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-->''An ->''An old Armenian is on his deathbed. "Listen closely children," he says. They lean in, ears straining. "Above all else, treasure the Jews." "Why the Jews, father?" they ask. "Because once they've been dealt with, we'll be next!" he says.''
-->-'''Russian -->--'''Russian joke'''
9th Mar '16 2:06:45 PM evdebs
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* Anastas Mikoyan, Soviet politician considered to have been the second most powerful man in the USSR under Khrushchev. Brother of the above, he briefly served as Soviet head of government (chair of the presidium, a.k.a. president) and outlasted his political partner. This Mikoyan was also one of the very few people Stalin might have considered friends [note]It is said they used to get drunk together and complain about all the Russians they were surrounded with[/note], and was also responsible for commissioning ''The Book of Tasty and Healthy Food'', a cookbook/propaganda tract that reflected what Soviet food in the mid-20th century would have looked like had Soviet policies actually been capable of providing the ingredients to make traditional Russian cuisine. (Its readers were not fooled, but they bought it anyway.)

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* Anastas Mikoyan, Soviet politician considered to have been the second most powerful man in the USSR under Khrushchev. Brother of the above, he briefly served as Soviet head of government (chair of the presidium, a.k.a. president) and outlasted his political partner. This Mikoyan was also one of the very few people Stalin might have considered friends [note]It [[note]]It is said they used to get drunk together and complain about all the Russians they were surrounded with[/note], with. Mikoyan's love of and insistence on providing quality ice cream probably helped too.[[/note]], and was also responsible for commissioning ''The Book of Tasty and Healthy Food'', a cookbook/propaganda tract that reflected what Soviet food in the mid-20th century would have looked like had Soviet policies actually been capable of providing the ingredients to make traditional Russian cuisine. (Its readers were not fooled, but they bought it anyway.)) Russian-American food writer Anya von Bremzen has noted that the now-ubiquitous ''kotlety'', first introduced in Mikoyan's book, were essentially the broke Russian prole's version of an American hamburger.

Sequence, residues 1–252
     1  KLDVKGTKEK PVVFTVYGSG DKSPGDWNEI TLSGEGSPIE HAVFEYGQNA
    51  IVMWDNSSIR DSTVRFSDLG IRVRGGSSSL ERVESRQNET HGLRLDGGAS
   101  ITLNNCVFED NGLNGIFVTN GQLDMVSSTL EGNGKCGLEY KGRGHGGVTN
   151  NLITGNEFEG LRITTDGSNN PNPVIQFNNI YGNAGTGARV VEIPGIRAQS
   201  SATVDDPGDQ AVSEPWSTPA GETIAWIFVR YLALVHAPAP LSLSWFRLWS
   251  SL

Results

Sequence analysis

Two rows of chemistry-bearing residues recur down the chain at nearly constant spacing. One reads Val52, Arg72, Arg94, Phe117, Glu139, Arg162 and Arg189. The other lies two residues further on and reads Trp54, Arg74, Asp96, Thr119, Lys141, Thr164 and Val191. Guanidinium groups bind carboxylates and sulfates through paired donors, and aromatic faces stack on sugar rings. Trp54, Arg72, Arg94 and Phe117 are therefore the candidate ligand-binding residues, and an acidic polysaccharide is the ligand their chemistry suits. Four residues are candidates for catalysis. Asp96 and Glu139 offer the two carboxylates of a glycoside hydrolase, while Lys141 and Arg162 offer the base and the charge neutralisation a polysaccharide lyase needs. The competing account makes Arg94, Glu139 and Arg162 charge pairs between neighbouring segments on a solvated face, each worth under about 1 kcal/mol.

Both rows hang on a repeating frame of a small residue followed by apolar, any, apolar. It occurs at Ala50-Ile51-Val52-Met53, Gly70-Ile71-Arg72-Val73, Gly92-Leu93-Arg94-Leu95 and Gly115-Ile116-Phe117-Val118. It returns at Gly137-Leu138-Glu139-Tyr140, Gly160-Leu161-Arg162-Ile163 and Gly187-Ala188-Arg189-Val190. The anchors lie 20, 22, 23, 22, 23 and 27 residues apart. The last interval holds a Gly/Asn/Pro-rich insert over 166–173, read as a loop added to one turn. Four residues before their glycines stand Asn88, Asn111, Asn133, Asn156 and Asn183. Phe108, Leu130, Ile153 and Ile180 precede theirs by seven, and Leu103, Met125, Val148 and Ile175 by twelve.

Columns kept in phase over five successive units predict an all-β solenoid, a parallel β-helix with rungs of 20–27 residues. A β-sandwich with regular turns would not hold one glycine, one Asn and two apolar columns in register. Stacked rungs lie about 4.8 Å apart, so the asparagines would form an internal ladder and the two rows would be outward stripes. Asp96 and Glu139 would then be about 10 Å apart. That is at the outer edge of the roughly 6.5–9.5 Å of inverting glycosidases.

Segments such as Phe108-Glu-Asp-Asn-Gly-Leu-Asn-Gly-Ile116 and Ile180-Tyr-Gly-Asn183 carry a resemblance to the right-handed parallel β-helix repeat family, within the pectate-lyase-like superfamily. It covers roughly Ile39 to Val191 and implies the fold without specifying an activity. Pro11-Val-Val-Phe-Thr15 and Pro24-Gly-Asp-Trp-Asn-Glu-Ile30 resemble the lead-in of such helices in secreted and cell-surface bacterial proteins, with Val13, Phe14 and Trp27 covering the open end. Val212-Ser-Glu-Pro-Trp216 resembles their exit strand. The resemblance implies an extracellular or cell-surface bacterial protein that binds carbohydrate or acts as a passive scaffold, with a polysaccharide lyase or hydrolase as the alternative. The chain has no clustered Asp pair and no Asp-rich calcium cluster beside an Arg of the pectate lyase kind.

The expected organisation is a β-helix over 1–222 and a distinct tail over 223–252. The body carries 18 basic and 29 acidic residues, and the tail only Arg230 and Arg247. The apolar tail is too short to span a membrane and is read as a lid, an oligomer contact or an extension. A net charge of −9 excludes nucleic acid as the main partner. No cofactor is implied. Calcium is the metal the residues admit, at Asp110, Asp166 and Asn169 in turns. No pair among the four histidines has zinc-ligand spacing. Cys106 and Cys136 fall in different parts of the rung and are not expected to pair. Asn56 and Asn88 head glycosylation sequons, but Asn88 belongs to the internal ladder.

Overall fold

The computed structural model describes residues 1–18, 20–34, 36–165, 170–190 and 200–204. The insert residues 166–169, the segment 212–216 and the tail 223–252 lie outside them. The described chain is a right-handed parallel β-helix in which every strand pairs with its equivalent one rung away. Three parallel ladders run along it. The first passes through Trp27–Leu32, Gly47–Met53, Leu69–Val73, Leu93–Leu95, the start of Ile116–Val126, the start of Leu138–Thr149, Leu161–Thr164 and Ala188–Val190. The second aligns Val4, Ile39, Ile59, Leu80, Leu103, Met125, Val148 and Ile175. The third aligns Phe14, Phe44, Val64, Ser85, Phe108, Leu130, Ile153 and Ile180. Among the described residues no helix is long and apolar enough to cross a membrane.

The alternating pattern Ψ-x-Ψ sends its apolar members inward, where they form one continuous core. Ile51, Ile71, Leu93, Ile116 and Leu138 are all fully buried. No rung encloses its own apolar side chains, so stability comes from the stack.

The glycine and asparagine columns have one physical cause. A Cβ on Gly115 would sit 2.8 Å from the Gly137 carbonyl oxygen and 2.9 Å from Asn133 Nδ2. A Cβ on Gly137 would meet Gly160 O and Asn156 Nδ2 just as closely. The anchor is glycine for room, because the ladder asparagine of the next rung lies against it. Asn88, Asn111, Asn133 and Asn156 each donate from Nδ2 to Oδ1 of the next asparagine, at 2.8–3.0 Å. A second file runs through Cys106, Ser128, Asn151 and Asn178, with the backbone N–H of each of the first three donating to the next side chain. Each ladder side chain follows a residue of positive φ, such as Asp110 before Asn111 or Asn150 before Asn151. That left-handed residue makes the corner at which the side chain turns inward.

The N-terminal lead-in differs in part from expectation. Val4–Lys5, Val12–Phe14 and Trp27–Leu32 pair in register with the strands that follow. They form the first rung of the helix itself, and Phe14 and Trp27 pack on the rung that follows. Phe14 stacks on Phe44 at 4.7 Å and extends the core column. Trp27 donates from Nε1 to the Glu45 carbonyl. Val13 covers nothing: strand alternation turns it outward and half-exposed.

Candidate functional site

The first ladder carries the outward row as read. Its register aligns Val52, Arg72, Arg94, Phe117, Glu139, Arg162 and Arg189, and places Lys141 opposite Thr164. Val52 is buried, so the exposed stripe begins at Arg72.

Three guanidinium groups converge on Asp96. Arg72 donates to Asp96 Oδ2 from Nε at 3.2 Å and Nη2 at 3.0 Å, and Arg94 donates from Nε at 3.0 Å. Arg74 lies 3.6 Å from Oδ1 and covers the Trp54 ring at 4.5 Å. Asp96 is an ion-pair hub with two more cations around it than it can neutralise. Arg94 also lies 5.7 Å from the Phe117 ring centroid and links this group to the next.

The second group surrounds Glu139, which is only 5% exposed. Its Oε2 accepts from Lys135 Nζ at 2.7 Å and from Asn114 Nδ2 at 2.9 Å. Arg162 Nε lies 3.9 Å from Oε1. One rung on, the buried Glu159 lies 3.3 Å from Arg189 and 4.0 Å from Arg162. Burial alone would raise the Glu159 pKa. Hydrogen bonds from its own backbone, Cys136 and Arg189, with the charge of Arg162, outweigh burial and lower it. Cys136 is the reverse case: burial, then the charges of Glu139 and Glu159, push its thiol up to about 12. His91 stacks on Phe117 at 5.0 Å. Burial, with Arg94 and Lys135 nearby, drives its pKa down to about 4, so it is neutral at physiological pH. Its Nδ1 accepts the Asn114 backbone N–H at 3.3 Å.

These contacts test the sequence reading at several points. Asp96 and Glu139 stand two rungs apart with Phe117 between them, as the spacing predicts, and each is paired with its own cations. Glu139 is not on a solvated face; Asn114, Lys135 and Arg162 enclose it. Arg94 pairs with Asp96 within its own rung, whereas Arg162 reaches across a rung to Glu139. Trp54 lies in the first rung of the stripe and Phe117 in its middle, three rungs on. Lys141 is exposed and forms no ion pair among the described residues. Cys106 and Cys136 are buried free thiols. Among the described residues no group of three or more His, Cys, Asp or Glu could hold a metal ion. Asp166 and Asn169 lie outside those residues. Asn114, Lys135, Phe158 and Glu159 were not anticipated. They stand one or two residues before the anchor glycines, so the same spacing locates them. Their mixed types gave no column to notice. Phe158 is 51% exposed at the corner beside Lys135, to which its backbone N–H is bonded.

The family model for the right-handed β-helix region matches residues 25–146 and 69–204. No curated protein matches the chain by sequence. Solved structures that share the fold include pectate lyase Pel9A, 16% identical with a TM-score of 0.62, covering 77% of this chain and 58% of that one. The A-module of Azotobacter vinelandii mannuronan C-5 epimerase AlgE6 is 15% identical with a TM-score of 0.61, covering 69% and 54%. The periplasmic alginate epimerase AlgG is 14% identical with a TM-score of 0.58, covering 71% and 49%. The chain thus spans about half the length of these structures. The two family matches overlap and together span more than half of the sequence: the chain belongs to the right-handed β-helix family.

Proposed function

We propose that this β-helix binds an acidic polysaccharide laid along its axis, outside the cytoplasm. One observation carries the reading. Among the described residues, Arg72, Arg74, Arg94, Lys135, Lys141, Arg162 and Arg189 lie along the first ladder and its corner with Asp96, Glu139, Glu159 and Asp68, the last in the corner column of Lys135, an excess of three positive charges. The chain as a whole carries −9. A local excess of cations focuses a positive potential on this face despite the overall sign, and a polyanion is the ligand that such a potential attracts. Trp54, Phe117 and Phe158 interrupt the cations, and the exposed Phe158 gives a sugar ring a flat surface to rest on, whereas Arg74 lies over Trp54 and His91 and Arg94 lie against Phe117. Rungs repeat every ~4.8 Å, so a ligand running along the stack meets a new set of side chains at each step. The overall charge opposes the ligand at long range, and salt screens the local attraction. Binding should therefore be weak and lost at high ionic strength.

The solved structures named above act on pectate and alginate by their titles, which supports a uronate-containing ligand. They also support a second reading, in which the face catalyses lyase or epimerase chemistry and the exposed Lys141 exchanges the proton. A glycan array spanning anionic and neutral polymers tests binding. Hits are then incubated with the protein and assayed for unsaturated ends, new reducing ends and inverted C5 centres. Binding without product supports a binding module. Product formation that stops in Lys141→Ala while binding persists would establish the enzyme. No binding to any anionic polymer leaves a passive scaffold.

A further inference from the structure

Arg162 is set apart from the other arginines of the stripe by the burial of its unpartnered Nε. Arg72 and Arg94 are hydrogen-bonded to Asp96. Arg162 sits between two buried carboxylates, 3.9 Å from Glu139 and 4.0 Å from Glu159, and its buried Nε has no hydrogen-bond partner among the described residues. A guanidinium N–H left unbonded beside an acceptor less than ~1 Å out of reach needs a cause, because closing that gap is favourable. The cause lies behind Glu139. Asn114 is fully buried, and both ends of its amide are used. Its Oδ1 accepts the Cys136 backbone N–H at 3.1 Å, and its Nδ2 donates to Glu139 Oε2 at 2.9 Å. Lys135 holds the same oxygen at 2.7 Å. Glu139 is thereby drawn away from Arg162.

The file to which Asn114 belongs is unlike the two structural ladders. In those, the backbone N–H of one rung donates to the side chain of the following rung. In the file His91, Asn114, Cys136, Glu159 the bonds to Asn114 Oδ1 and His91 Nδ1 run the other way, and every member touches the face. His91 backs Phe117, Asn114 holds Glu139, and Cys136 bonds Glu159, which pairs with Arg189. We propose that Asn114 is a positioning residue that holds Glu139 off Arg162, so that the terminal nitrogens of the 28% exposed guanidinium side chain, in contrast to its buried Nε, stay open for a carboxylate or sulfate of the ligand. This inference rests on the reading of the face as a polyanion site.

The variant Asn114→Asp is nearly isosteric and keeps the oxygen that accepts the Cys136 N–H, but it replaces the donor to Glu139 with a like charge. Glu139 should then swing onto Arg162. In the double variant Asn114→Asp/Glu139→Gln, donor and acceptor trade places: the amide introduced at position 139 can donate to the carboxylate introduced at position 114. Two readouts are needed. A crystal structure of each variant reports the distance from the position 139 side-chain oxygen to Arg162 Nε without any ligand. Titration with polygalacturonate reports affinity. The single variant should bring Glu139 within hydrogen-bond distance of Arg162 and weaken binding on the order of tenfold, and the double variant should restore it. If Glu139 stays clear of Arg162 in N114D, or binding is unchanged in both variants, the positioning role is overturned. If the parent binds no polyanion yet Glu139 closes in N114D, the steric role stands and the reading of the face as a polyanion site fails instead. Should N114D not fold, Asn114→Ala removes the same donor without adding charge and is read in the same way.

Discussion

9th Mar '16 2:03:45 PM evdebs
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* Anastas Mikoyan, Soviet politician considered to have been the second most powerful man in the USSR under Khrushchev. Brother of the above, he briefly served as Soviet head of government (chair of the presidium, a.k.a. president) and outlasted his political partner.

to:

* Anastas Mikoyan, Soviet politician considered to have been the second most powerful man in the USSR under Khrushchev. Brother of the above, he briefly served as Soviet head of government (chair of the presidium, a.k.a. president) and outlasted his political partner. This Mikoyan was also one of the very few people Stalin might have considered friends [note]It is said they used to get drunk together and complain about all the Russians they were surrounded with[/note], and was also responsible for commissioning ''The Book of Tasty and Healthy Food'', a cookbook/propaganda tract that reflected what Soviet food in the mid-20th century would have looked like had Soviet policies actually been capable of providing the ingredients to make traditional Russian cuisine. (Its readers were not fooled, but they bought it anyway.)